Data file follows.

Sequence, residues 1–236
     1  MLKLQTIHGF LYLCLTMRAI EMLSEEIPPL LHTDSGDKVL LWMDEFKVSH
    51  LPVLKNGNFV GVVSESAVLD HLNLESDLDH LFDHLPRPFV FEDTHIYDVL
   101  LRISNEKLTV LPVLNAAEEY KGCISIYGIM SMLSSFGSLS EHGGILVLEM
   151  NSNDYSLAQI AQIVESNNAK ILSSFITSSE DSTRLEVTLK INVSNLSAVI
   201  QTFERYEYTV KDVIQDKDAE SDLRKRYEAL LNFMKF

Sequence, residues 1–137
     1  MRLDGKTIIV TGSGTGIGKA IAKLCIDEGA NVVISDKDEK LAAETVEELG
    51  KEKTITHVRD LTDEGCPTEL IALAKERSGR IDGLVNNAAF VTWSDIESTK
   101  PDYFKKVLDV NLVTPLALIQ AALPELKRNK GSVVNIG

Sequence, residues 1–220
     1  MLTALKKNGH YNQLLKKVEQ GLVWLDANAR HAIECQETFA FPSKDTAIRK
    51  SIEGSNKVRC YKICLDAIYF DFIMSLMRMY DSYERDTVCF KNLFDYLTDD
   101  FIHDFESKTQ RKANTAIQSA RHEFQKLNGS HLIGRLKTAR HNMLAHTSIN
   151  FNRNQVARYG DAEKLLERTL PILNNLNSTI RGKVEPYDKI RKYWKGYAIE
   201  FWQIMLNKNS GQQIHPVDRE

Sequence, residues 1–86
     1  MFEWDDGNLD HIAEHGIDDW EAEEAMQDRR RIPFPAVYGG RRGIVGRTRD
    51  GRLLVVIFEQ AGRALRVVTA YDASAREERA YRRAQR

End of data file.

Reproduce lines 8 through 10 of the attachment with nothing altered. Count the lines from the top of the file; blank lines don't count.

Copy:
     1  MRLDGKTIIV TGSGTGIGKA IAKLCIDEGA NVVISDKDEK LAAETVEELG
    51  KEKTITHVRD LTDEGCPTEL IALAKERSGR IDGLVNNAAF VTWSDIESTK
   101  PDYFKKVLDV NLVTPLALIQ AALPELKRNK GSVVNIG